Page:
Fan-made Black Mesa is a remake of Valve's classic 1998 shooter Half-Life. It's been in development for around eight years, which is poignant, since it's been around that long since I've played the original.
A lot has changed since then.
For starters, the project's original goal slowly became almost untenable as time went by. First conceived as a way to remake Half-Life and do it properly - unlike Valve's own lacklustre effort - as the years dragged on it became less and less likely that the finished product (if it ever was finished!) would look as modern as it had first been hoped. Time was moving faster than the project's ability to keep up with it.
So, let's get this out of the way first. Black Mesa does not look like a modern video game. The limitations of both the Source Engine, and the fact its armchair developers were working with someone else's code, means that things like object density and character animation look like something you'd have seen in 2007, not the kind of thing we're accustomed to now, even in mods.
That's not to say it's ugly, far from it. There are some gorgeous lighting and environmental effects to be seen, and as a foundation Valve's original art design still looks, in many parts, as fresh as it did when it was first released. But in general, for the majority of your playthrough, you'll feel like you're playing, yeah, something from 2007.
Developer: Black Mesa Mod Team
Released: Sept. 14
Type of game: First-person shooter.
What I played: The whole thing, in three sittings. It's shorter than I remember it.
My Two favourite Things
- It's an update to a classic, but it's a restrained, tasteful update.
- Did I mention it's Half-Life, and it's free?
My Two Least-Favorite Things
- The new music is, at times, wonderful. But at other times it's wholly unsuitable.
- Some of the new voice acting isn't so great either.
- "Black Mesa has Full-Life Consequences! — Luke Plunkett, Kotaku.com
- "Still hot shit" — Luke Plunkett, Kotaku.com
Except for the parts where you remember you're playing a game that's actually from 1998. Those simply reliving old glories won't mind, and will probably even enjoy the fact, but for younger players interested in seeing what all the fuss is about, know that the FPS genre moved on from a lot of this game's staples for a very good reason. You need health packs to survive, not five seconds behind cover, which may make things harder, but often also results in a tedious procession of endless quicksaves. There is still platforming, dominated by crouch-jumping, and it's still dreadful.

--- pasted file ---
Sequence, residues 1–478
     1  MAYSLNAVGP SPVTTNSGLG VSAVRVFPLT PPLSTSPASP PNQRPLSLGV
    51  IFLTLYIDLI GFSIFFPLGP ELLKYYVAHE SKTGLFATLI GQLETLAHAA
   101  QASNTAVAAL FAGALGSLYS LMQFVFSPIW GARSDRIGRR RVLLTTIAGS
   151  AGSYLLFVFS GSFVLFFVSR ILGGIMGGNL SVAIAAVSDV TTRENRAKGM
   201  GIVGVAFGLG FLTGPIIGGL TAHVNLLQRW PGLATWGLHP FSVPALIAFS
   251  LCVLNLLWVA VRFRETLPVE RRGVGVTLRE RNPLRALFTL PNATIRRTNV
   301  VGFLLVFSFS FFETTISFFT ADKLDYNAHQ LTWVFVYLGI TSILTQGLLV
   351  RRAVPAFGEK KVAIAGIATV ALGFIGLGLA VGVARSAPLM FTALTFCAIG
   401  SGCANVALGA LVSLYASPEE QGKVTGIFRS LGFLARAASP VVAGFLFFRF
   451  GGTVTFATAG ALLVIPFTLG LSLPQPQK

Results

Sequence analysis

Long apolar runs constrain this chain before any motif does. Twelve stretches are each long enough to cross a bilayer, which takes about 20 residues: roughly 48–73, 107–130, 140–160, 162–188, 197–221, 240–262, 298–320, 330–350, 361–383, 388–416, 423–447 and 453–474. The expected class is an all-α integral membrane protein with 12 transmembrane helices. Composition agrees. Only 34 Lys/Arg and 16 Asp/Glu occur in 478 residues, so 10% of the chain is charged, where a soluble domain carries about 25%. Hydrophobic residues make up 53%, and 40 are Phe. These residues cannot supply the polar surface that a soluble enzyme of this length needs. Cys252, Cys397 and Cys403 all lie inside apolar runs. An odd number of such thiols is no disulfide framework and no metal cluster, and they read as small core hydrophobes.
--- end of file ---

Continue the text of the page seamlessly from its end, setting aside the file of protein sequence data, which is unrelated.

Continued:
But you know what? None of that stuff really matters. Because Half-Life, like its sequel, is great not for its bullet-point features, but for the way it pioneered the experience of really being in the first-person perspective, and not just using it as a disembodied floating gun platform. And Black Mesa doesn't just maintain that feeling, it's where the bulk of the really worthwhile improvements have been made.
This isn't just a remake. The Black Mesa team, led by Carlos "cman2k" Montero, have quietly gone in and either fixed or added new content all around the fringes of the game to make it more immersive, to really kick up the sense that Black Mesa was a facility where a lot of people worked, and not just some empty, cavernous shooting gallery.
That means more chit-chat and incidental events in the background. More junk lying around. One gun has, gasp, iron sights. Many areas have even been not-so-subtly changed, to make them bigger, or even just to be more impressive.
Which is a gutsy thing to do! There are other developers porting obscure old games who wouldn't dare mess with the original, let alone something on the level of Half-Life, one of the greatest games of all time. But these guys did, and did it well, so my hats are off to them.
Especially for the end. If you've never played Half-Life, know this: the end sucks. I don't mean that relative to the rest of the game, I mean it really sucks. Terrible first-person platforming combined with a weird storyline twist (that sits at odds with the one of the rest of the series) makes it easily Half-Life's lowest moment.
Lucky for newcomers (and everyone), then, it's gone. You don't play it. The team have cut it from this release of the mod, and instead of plugging it in later, will release it as a standalone title sometime in the future, promising to make substantial changes. It's not often you can praise a game for leaving something out, but again, making that call must have taken guts, and in the end it was the right call. The Half-Life experience is a tighter and more coherent one without it.
It feels strange playing Black Mesa after all this time. I'd honestly resigned myself to never getting my hands on it at all. It's also weirdly stressful to be reviewing it; while it's a fan-made mod, it's also a remake of one of the greatest PC games ever made, only now I'm reviewing it with 12 years of critical baggage and adoration along for the ride.
Which, of course, must have been nothing compared to the stresses involved in actually creating such a high-profile project. There have been AAA original titles come and go with less scrutiny than this mod, which may explain in part why it's taken eight years to get the thing into the hands of the public.
Now that it's here, though, the Black Mesa team has actually delivered. This is Half-Life updated just enough to make it palatable for contemporary tastes, but not so much as to deviate from the original vision. Considering the amount of people involved, the time it's taken and the legacy of the source material, it's an amazing achievement.
Almost as amazing as the fact that it's free.